Anonymous said...

Louis: Your cast and director for a 2010's Advise and Consent.

Louis Morgan said...

Luke:

Hurt - 3.5(Although the voice acting of the film is not exactly stellar across the board Hurt is excellent. The sheer command of Aragorn as a character is felt through Hurt's voice, and he's particularly effective in his opening scene suggesting the certain mystery and darkness of the man along with his more heroic qualities.)

Anonymous:

Advise and Consent (2010's Directed by David Fincher)

Leffingwell: Jeff Daniels
Seab Cooley: James Woods
Brig Anderson: Jake Gyllenhaal
Bob Munson: Kevin Kline
Lafe Smith: Adrien Brody
The President: Ted Danson
VP Harley Hudson: Viggo Mortensen
Herbert Gelman: Steve Buscemi

Luke Higham said...

Louis: Your thoughts on Hugh Jackman as an actor.

94dfk1 said...

Louis: Ratings and thoughts on the cast of Vicky Cristina Barcelona?

Luke: I was going to ask Louis about Hugh Jackman too actually haha.

Louis Morgan said...

Luke:

Jackman - (Jackman comes across as just one of the most charming individual period off screen, and on you can tell he's a guy who absolutely wants to do what it takes to serve his role and especially the film. There is never a lack of effort, and he never phones it in. His instincts though can be a bit off as he just comes at the role the wrong way sometimes. I kind of hate to call out a bad Jackman performance if only because you can see he really aims to please. He is talented and has definite screen presence but he's someone who needs the right role.)

94dk1:

I'm fairly sure my lack of for enthusiasm of Cruz has been documented.

Hall - (She's the best part of the film as she manages to elevate her thinly written character to at least appear to be a person. I can't say she has enough to work with to be amazing, but as usual she offers a needed honesty to the material even when its not.)

Bardem - (The character as written is a one note lothario. Bardem is okay but he can't overcome with just how limited the part is)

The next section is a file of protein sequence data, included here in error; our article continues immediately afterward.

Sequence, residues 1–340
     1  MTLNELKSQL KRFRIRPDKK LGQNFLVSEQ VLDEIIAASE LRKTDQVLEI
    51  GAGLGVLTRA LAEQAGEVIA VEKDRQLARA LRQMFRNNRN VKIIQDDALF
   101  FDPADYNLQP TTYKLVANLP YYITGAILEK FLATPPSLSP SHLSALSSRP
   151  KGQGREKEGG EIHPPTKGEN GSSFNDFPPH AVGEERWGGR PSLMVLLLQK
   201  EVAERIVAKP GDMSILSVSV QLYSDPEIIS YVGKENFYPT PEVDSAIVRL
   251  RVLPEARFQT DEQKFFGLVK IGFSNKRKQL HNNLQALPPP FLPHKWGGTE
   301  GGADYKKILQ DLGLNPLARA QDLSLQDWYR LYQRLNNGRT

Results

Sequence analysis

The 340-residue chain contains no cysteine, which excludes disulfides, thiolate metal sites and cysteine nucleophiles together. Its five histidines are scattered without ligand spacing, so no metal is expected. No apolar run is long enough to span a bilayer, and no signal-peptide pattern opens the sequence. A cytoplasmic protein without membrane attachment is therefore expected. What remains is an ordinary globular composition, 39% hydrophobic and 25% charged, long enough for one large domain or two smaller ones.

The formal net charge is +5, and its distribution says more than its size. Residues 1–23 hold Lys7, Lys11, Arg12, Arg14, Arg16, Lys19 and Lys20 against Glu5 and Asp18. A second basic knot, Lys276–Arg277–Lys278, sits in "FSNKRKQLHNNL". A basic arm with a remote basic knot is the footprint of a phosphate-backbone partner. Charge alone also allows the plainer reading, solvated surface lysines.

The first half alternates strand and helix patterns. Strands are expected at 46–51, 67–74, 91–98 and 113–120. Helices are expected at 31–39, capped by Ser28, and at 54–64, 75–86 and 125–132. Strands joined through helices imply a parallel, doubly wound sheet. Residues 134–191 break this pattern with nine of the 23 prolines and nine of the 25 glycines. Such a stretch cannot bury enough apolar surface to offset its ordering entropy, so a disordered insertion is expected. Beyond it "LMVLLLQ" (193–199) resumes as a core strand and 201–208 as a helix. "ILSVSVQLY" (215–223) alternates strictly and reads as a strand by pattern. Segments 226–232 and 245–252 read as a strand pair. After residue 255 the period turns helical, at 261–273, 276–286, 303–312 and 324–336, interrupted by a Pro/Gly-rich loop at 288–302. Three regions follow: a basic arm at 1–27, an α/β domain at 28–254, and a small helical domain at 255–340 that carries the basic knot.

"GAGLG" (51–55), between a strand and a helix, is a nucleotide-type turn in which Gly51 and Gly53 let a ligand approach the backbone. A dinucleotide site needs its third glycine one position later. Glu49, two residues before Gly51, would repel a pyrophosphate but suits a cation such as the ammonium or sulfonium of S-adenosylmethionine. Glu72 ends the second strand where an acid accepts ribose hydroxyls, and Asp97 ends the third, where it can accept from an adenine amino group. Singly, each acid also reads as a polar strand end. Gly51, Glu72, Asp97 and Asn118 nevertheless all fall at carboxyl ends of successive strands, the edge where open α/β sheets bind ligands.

Johansson - (The character is basically reactionary in that she stands around having things happen to her. Johansson's wooden and doesn't really develop the needed chemistry with anyone.)

94dfk1 said...

Was expecting you to go to either side of the spectrum regarding Cruz haha. Thanks!

Is it just me or does anyone else think Winding Refn is a better director than he is a writer? I did like the concept of Gosling not avenging someone whose mother badly wants revenge for in Only God Forgives and the unique angle of the "young girl tries to make it in Hollywood" trope in The Neon Demon. Those are the two only things I liked about each of those films, unfortunately.

Drive, on on the other hand, really did benefit from Refn's ability to creating a tone and his visual flourishes (elevator scene), as they positively complemented to a, IMO, good script.

L Rime said...

Ended up watching In a Valley of Violence. Pretty straight forward revenge western but with lots of black humor without trying to act like it's too smart to be a normal western. It's not really self referential is what I mean, which a lot of westerns that are made these days can be. I thought everyone was reasonably good in it too. Especially Hawke, Travolta, Farmiga, and the dog.

Varun Neermul said...

Louis: Your Thoughts on Amy Adams as an actress

Michael McCarthy said...

You know I should probably throw in my predictions...

1. Peter Sellers
2. Renato Salvatori
3. John Mills
4. Robert Mitchum
5. Martin Stephens

Luke Higham said...

1. Sellers
2. Salvatori
3. Mills
4. Mitchum
5. Stephens

Michael McCarthy: Your ratings and thoughts on Stephens, Mitchum, Salvatori and Sellers.

Calvin Law said...

I just realised Hacksaw Ridge and La La Land aren't coming to the UK till 2017. Dammit.

Robert MacFarlane said...

I saw Girl on the Train. Pretty damn bad. Even Blunt was weak.

Louis Morgan said...

Varun:

Adams - (Adams is actually someone I'd describe as being very good if not great when she's good, but when she's not she's not at all. This is very much in her approaches which are generally all in for better or worse. I say it has nothing to do with sticking to type, though she does excel as the happy go lucky, as her work in The Master proved she could go against type rather effectively.)